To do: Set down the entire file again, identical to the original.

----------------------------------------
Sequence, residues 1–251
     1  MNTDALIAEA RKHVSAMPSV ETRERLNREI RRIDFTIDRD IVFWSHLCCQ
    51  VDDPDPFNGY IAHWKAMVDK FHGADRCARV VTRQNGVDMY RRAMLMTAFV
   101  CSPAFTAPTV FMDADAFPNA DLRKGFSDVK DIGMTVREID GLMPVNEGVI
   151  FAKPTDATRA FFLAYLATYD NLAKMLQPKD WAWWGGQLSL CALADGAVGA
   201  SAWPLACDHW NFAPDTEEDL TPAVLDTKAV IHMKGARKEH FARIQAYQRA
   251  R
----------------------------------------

Sequence, residues 1–251
     1  MNTDALIAEA RKHVSAMPSV ETRERLNREI RRIDFTIDRD IVFWSHLCCQ
    51  VDDPDPFNGY IAHWKAMVDK FHGADRCARV VTRQNGVDMY RRAMLMTAFV
   101  CSPAFTAPTV FMDADAFPNA DLRKGFSDVK DIGMTVREID GLMPVNEGVI
   151  FAKPTDATRA FFLAYLATYD NLAKMLQPKD WAWWGGQLSL CALADGAVGA
   201  SAWPLACDHW NFAPDTEEDL TPAVLDTKAV IHMKGARKEH FARIQAYQRA
   251  R